We have supplied maize flour (posho), beans and cooking oil to benefit 125 people and feed them for about 3 weeks. We are at least sure that our children will not starve for the above period although in case the lockdown is extended, the same situation may reoccur.

We are dealing with a matter of life and death, and promise to keep monitoring the situation and suggest proposals on how we continue to protect our children from the risk of starvation.

As Project Coordinator I will keep closely in touch with all our children and update you as much as possible.

Thank you for your thoughts and prayers, support and donations.


Patrick Rhuweza
21 April 2020

Checking in with families in Nepal

Our Reintegration Officers are our heroes!

Our Reintegration Officers (ROs) do such a great job and leave no stone unturned in the search for children’s families. Often facing difficult terrain and conditions each day in their search for families.

This is RO Pami in the field before lockdown was enforced and our team was required to return home to keep themselves and their families and communities safe.

RO Shreya was so happy to find the father and grandmother of three siblings after eight long years of separation and desperation.

RO Mangal is humble and proud of the important role he plays in reuniting children trafficked into orphanages with their families.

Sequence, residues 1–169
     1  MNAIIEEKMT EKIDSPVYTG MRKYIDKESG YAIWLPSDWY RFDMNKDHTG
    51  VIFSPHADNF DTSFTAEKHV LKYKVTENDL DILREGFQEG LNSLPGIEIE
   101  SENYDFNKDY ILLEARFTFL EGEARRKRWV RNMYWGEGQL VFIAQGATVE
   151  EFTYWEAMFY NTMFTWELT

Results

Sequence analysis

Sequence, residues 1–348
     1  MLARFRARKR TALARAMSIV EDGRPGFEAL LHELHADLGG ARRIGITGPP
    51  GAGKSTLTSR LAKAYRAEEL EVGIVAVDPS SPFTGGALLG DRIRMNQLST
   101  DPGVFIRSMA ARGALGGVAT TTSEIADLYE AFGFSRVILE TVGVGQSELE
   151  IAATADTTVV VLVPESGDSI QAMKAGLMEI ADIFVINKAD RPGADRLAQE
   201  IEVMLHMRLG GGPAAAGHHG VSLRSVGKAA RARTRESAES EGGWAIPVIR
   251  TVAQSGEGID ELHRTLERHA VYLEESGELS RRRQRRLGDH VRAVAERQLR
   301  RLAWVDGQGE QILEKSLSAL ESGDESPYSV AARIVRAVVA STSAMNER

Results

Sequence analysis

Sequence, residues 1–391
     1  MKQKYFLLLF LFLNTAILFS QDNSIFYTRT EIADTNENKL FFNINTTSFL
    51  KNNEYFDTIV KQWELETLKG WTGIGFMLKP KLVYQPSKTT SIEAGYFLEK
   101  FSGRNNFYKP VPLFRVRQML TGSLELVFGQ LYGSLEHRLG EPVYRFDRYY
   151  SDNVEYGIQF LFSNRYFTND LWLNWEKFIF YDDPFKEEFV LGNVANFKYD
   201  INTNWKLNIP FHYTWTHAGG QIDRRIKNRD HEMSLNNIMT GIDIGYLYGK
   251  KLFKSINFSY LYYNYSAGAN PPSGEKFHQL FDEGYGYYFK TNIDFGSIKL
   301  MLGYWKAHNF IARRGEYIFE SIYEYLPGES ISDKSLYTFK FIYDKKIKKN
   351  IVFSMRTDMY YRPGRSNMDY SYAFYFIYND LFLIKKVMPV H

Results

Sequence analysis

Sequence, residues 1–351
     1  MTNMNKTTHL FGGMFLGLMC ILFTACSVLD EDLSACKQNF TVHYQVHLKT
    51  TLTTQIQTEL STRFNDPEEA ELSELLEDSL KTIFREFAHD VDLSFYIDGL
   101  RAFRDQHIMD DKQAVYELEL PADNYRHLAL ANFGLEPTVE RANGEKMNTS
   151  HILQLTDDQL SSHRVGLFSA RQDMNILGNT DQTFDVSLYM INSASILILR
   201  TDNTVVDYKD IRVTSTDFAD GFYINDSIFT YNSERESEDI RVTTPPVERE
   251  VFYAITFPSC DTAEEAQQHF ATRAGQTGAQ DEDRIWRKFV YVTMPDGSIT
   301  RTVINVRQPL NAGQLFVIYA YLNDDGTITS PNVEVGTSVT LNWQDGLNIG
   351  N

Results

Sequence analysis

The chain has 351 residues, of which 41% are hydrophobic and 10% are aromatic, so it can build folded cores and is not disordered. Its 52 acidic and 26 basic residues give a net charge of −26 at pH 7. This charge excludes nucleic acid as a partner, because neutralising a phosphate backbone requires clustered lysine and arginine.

RO Sajit was in remote far west Bajura district on a mission to find families. He managed to find the families of three children!

In Humla, RO SaaGar met with locals to piece together information that will identify and rebuild families in their remote community.

Bijay and his little brother are happy to be home with their beloved grandfather who is their guardian now after reuniting with their family.

Right now our team are set up to work from home, connecting with each other via tech (when it’s working!) and keeping in regular communication with children and families via phone.

Children and families are relying on us and we will not let them down! If you can help us – we sure could use the support.

“Kindness is a force, and care it’s open hand.”

Andrea Nave CEO

Nepal Country Director Anju Pun in remote Jharlang.

Opinion piece by Dr Kate van Doore

FMN co-founder Dr Kate van Doore shares her opinion on ABC News.

I thought I was helping a vulnerable orphan escape poverty. Then I realised I could be making her situation worse.

She was just four when we met, with deep brown eyes, short dark hair and a missing smile.

I knew her as Alisha, a civil war orphan living with five other little girls in the orphanage that I had co-founded in Kathmandu, Nepal, in 2006.

We were told her parents had died in the war and that she had been brought to Kathmandu, and that we shouldn’t ask questions about her parents or family, or how she had come to be living in an orphanage.

We kept our questions to ourselves and heaped our love upon her instead.

Over the years, Alisha and I grew very close.

She was my sponsor child and I visited every six months on behalf of Forget Me Not, the charity we had formed to support the orphanage in Nepal.

We regarded each other as family.

Many times as I held and comforted her, I wondered about her parents and how she had ended up in my arms instead of theirs.

A shock discovery changed everything

Five years later… READ MORE